Wednesday, September 25, 2013

My Grandmother sings SWEET BIRD

This picture was taken by my mother at Grandma Susie's 90th birthday celebration. She is singing "Sweet Bird" her father's favorite song. When she was dying six years later, she said her father was coming to get her in the wagon. She used to ride on the wagon seat beside him. Since she lived in Arizona and I grew up in New York, I didn't know her very well. She had a dry, soft, powdery withered cheek that I was told by my mother to kiss. I didn't want to. Kids can be pretty stupid.

Probably because he got the Nobel Prize for poetry in 2011, a translation of Transtromer's long poem from 1974 Baltics has recently been published here in a bilingual edition with the Swedish on facing pages. It is in a handsome volume that includes many black and white photos taken on the island where his family's summer home has been for three generations. The photographer, Ann Charters, wrote the first biography of Jack Kerouac and also took many photographs of the beat generation. Her husband, Samuel Charters, has translated Transtromer for many years. The photos were taken on their visit to the island in 1973. I love this book! I like having the Swedish there to look at, I love the photographs; I love the size of the book and the smooth paper. Most of all I love the poem; it is generous enough to include many different kinds of things in the most elegant, free and thoughtful way. The passage I picked for you tonight is the one about the poet's grandmother on page 57.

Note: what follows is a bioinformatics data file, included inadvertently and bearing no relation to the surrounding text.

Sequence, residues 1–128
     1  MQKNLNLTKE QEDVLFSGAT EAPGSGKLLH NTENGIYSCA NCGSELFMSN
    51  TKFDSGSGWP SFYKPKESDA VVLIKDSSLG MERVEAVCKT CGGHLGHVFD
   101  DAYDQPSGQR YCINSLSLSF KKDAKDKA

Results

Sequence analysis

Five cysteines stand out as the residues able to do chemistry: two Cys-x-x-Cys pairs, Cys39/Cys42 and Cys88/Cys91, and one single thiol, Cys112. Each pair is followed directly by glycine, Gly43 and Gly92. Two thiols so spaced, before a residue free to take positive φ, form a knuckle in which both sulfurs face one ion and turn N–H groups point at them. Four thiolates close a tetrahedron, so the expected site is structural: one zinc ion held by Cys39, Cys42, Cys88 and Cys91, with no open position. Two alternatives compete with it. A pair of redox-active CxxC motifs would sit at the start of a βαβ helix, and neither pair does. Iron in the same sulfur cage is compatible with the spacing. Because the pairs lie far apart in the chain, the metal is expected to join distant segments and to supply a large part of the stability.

"My grandmother's story before it's forgotten: her parents dying young,
the father first. When the widow realizes the disease will take her, too
she walks from house to house, sails from island to island
with .her daughter. "Who can take care of Maria?"
A strange house on the other side of the bay takes her in.
They could afford to do it. But the ones who could afford to do it
       weren't the good ones.
Piety's mask cracks. Maria's childhood ends too soon,
she's an unpaid servant, in perpetual coldness.
Year after year.Perpetually seasick behind the
long oars, the solemn terror
at the table, the expressions, the pike skin crunching
in her mouth: be grateful, be grateful.
                                                       She never looked back.
And because of this she could see The New
and seize it.
Break out of the bonds.

I remember her, I used to snuggle against her
and at the moment she died (the moment she passed over?) she
        sent out a thought
so that I, a five-year-old, understood what had happened
a half an hour before they called."

Tomas Transtomer, Baltics, Tavern Books, 2012, page 57.
Translated from the Swedish by Samuel Charters.

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